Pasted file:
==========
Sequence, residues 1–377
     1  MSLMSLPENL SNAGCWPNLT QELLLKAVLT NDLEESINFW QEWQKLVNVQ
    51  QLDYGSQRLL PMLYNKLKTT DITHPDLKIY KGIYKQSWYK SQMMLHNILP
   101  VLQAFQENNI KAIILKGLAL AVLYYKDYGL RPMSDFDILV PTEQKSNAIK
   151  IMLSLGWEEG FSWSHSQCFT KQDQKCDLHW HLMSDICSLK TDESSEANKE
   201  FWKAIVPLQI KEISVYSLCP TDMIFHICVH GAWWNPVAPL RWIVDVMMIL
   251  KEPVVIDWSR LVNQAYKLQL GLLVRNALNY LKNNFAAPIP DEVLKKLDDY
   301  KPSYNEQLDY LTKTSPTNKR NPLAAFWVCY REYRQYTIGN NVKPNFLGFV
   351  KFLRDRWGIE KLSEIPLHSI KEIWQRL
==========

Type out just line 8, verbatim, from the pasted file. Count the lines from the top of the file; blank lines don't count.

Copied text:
   301  KPSYNEQLDY LTKTSPTNKR NPLAAFWVCY REYRQYTIGN NVKPNFLGFV